What Are Lupini Beans and Why Are They Gaining Popularity?

Lupin, lupine or lupini beans are members of the pea family. The yellow, flat, round beans somewhat resemble lima beans and have a sweet, nutty flavor and firm, hearty texture. Originally, all lupini beans were very bitter and required extensive soaking to remove the bitterness and make them safe to eat due to their toxicity. More recent varieties — classified as “sweet” — are less bitter and require less soaking.

Lupini beans originated in the Middle East and date back before Ancient Rome. Today, they are commonly associated with Italian cuisine and are also enjoyed in Greece, Spain and Portugal. Lupini beans are served as street food in countries such as Jordan and Egypt, too.

A ½-cup serving of cooked lupini beans contains about 100 calories, 13 grams of protein and 2 grams of dietary fiber and is a good source of zinc and magnesium. A higher protein content and increased interest in plant-based proteins may be to thank for their recent rise in popularity in the United States.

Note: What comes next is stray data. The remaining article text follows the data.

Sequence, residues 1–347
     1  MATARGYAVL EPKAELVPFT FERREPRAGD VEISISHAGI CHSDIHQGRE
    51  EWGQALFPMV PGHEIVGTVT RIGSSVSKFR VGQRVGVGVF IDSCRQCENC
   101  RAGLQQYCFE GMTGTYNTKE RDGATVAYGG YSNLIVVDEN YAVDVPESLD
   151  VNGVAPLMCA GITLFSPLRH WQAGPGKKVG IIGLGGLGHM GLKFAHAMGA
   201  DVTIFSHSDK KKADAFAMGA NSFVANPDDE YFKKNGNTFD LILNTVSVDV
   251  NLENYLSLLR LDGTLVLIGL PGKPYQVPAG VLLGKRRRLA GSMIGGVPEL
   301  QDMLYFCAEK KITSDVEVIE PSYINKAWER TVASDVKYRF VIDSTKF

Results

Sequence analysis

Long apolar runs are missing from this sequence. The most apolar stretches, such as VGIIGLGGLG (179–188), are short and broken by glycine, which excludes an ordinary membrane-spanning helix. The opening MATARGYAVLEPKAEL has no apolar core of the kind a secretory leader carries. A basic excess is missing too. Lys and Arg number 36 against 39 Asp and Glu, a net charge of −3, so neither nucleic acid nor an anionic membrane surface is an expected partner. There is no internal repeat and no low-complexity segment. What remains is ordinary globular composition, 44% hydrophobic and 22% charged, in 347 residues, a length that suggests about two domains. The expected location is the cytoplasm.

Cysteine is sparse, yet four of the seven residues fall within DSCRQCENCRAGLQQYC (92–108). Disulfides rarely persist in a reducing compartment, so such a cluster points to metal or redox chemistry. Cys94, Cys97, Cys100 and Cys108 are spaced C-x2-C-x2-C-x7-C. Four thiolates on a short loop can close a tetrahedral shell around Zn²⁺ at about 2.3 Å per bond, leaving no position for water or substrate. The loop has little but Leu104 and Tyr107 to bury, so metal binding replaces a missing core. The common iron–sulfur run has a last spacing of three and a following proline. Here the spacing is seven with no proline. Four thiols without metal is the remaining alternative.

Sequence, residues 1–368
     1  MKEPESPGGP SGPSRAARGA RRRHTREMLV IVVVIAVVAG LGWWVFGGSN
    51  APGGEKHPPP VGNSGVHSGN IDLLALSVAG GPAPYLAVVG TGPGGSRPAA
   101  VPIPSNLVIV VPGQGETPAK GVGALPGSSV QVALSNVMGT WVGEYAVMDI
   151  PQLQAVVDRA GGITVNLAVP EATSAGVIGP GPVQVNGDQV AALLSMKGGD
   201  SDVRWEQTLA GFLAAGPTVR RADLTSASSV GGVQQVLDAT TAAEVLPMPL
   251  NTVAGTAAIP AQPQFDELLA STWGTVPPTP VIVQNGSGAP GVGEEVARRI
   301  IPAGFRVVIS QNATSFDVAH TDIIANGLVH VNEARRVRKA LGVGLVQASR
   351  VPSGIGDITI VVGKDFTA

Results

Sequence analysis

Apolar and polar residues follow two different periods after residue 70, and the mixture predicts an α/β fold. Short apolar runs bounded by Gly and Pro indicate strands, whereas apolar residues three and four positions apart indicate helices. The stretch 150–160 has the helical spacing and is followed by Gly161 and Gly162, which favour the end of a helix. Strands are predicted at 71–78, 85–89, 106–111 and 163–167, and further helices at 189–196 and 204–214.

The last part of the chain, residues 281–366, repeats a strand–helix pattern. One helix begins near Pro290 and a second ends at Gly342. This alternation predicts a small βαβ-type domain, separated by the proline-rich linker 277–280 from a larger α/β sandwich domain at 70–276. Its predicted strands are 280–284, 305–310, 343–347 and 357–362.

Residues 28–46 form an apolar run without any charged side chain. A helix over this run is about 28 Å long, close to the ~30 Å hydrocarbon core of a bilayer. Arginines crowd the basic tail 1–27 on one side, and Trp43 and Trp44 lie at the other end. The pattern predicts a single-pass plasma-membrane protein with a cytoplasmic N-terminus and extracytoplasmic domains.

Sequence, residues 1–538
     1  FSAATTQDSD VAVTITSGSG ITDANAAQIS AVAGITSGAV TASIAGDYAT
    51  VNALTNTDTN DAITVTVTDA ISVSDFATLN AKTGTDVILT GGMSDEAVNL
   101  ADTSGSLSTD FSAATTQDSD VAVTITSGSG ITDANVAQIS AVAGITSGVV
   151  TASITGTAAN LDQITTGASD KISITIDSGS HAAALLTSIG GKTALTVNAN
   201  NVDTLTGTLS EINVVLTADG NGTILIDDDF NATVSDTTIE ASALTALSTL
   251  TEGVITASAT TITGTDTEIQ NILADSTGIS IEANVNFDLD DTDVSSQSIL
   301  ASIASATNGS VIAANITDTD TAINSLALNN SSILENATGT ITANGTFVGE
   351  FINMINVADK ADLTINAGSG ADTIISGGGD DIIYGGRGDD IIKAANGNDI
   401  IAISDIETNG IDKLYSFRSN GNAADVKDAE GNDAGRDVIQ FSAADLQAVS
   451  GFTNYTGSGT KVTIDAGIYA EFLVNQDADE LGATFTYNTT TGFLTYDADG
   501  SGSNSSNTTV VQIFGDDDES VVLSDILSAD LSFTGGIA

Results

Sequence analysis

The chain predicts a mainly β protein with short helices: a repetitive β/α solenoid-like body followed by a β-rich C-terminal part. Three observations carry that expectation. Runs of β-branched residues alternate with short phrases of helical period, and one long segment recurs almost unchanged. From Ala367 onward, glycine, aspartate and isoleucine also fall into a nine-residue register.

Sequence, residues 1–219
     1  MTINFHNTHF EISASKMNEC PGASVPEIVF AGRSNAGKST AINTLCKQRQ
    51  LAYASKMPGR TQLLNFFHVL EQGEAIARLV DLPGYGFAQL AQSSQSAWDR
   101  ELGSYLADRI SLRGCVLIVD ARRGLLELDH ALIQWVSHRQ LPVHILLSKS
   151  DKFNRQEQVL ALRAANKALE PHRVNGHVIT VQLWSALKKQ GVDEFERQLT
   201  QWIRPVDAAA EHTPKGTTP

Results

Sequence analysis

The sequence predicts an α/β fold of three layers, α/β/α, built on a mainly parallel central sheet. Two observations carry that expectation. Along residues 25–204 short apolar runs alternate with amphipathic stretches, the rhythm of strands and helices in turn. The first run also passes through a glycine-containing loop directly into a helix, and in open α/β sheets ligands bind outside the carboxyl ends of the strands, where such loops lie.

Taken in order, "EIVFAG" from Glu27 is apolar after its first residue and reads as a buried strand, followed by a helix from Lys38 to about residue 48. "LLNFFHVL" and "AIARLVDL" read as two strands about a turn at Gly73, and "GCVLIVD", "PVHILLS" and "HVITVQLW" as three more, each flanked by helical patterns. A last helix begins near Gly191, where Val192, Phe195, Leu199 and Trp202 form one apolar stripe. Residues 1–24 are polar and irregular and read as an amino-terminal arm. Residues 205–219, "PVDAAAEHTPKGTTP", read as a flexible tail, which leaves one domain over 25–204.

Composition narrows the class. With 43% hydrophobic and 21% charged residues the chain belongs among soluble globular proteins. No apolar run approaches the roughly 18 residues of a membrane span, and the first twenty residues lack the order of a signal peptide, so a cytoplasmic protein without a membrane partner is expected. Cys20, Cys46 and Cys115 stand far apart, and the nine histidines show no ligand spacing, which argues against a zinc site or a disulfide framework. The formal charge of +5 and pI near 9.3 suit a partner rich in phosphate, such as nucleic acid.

Dried or canned lupini beans are sold in many large supermarkets. Smaller Italian, Middle Eastern, Spanish and Portuguese food stores offer them brined or pickled in a jar.

The beans also may be used as flours in baked goods; according to the Food and Drug Administration, some people, especially those allergic to peanuts, may have allergic reactions to products made with lupini.

Dried bitter lupini beans should soak for several days. The “sweet” variety need to soak only for a few hours. Cook per package instructions. Lupini beans have thick skins, which are edible but are often removed before eating.

A traditional Italian Christmas holiday dish combines lupini beans with green or black olives. You also can add lupini beans to salads for extra protein or eat them as a side dish.